The game makers are also seeking through the lawsuit to impose an injunction on Yahoo to stop the company from facilitating the auction and sale of counterfeit games and illegal devices. The suit describes Yahoo Auctions as "the electronic equivalent of a flea market."

The games vendors allege that Yahoo is aware of the illegal activity occurring on its site and contends that the portal company is legally liable since it is directly profiting from the sale of illegal goods. The suit notes Yahoo's provision of an automated bidding system where "Yahoo Auctions acts as the buyer's agent, placing bids on the buyer's behalf in accordance with the buyer's instructions." The suit also points out that in the Yahoo Auctions' sellers guide the company lists materials that may not be listed or sold, these include any "item that is illegal to sell under any applicable law, statute, ordinance, or regulation" and any "item that you do not have the legal right to sell."

Brown at Electronic Arts described Yahoo's actions as "unquestionably illegal."

As for the possibility of the games vendors taking other Internet auction houses to court over the same issue as Yahoo, Brown had a cryptic response -- "All I can tell you is wait and see," he said. Brown added that a number of other online auction houses have acknowledged their awareness of the problem and, in some cases, are taking steps to remedy the situation.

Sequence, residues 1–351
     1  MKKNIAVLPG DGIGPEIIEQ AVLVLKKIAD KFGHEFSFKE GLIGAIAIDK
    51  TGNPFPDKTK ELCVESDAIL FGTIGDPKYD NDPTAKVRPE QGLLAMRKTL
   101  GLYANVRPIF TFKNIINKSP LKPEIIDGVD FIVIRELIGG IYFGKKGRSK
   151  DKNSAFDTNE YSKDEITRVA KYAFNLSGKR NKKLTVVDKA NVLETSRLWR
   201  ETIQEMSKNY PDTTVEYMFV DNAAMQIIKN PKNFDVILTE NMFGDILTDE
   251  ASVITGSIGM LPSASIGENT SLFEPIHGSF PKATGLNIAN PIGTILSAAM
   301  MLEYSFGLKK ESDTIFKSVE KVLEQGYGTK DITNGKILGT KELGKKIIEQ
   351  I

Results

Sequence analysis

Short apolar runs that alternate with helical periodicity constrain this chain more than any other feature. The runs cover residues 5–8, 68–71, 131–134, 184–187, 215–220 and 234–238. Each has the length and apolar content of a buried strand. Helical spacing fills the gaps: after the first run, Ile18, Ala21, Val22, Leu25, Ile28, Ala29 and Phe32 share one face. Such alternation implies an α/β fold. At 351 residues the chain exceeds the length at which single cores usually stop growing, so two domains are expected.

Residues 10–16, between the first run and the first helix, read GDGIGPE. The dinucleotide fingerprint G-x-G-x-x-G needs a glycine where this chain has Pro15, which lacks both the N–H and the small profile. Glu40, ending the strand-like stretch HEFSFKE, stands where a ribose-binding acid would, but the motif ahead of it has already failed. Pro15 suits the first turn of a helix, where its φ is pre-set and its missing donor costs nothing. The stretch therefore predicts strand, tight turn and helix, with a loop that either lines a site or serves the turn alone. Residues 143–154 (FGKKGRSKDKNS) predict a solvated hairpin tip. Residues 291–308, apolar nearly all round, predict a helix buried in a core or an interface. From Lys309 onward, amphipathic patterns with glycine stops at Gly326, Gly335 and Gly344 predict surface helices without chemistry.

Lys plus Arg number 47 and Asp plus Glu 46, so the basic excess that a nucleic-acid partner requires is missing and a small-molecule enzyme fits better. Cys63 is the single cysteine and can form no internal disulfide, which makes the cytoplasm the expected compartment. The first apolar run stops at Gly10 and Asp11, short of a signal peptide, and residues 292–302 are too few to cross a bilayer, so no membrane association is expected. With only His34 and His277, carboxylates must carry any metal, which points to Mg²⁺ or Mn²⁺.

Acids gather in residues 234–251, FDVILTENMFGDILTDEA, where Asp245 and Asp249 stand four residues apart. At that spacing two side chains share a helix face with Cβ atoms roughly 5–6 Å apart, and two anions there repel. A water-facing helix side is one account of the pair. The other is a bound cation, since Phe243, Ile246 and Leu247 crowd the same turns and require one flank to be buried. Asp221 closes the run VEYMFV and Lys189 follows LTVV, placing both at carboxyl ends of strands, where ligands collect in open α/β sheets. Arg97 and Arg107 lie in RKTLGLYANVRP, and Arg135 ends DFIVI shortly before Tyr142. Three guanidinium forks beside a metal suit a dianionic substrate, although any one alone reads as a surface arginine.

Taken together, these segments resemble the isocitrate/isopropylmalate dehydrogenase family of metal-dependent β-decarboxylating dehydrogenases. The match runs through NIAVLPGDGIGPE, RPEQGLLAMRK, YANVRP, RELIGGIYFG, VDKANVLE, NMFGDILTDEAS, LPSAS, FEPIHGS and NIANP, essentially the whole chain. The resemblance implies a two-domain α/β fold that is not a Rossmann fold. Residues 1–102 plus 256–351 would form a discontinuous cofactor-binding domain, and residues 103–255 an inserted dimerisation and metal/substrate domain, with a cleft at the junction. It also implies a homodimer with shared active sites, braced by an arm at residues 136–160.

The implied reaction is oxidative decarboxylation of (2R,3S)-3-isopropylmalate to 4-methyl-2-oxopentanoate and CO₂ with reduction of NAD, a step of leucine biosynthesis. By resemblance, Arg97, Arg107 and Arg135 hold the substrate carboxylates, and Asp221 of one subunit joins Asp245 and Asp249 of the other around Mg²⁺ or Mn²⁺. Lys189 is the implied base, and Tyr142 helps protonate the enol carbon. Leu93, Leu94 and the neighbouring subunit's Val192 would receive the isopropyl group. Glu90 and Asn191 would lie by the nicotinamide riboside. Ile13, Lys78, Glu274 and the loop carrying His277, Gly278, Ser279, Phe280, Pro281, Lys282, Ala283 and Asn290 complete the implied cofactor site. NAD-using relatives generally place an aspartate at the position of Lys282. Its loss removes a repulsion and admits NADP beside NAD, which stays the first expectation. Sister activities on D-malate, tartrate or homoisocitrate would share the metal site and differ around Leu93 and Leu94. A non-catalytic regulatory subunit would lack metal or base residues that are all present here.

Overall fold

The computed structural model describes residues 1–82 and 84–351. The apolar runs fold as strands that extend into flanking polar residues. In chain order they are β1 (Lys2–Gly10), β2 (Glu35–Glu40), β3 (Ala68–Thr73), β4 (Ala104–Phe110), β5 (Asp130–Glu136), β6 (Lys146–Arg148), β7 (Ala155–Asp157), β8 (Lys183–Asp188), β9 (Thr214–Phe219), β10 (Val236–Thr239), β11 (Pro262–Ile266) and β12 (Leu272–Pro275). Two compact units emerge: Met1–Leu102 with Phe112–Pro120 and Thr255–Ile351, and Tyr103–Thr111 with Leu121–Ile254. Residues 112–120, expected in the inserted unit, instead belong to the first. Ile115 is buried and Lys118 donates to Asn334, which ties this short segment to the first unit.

"Yahoo is the most notorious violator on the Web in terms of distributing illegal video game products," wrote Nintendo's Kaplan. "It is hoped that this legal action will alert other companies and individuals that such acts will not be tolerated."

The trio of games vendors are seeking damages from Yahoo in the lawsuit as compensation from the losses they've suffered due to illegal sales of their products. However, quantifying the amount of compensation is a tricky issue and the companies are still working on coming up with a figure, Brown said. He cited a statistic from the Interactive Digital Software Association (IDSA) which claims that the U.S. computer and video games industry lost an estimated US$3.2 billion globally due to the sale of counterfeit and pirated goods last year.

"This action is not motivated by money," wrote Nintendo's Kaplan. "It is about vindicating and protecting our rights and preventing the Internet from becoming a place where lawbreaking is accepted as inevitable."

Yahoo was effectively providing a new international marketplace for counterfeit and illegal goods, she added. "Where in the past counterfeiters operated out of back rooms on a small scale, Yahoo has provided them with an incredibly efficient mass market for their illegal goods. While Yahoo actively facilitates and profits from this illegal activity, the fact that it is a well-known company lends an air of legitimacy to illegal activity."

In their lawsuit, the game vendors are requesting a jury trial.

Yahoo, based in Santa Clara, California, can be reached at +1-408-731-3300 or via the Internet at http://www.yahoo.com/. Electronic Arts, based in Redwood City, California, can be reached via the Internet at http://www.ea.com/.

Nintendo of America, based in Redmond, Washington, is a division of Nintendo Co. Ltd. of Kyoto, Japan, which can be reached via the Internet at http://www.nintendo.com/. Sega of America is a unit of Tokyo, Japan-based Sega Enterprises Ltd. and can be reached via the Internet at http://www.sega.com/.

(Tokyo correspondent Martyn Williams contributed to this report.)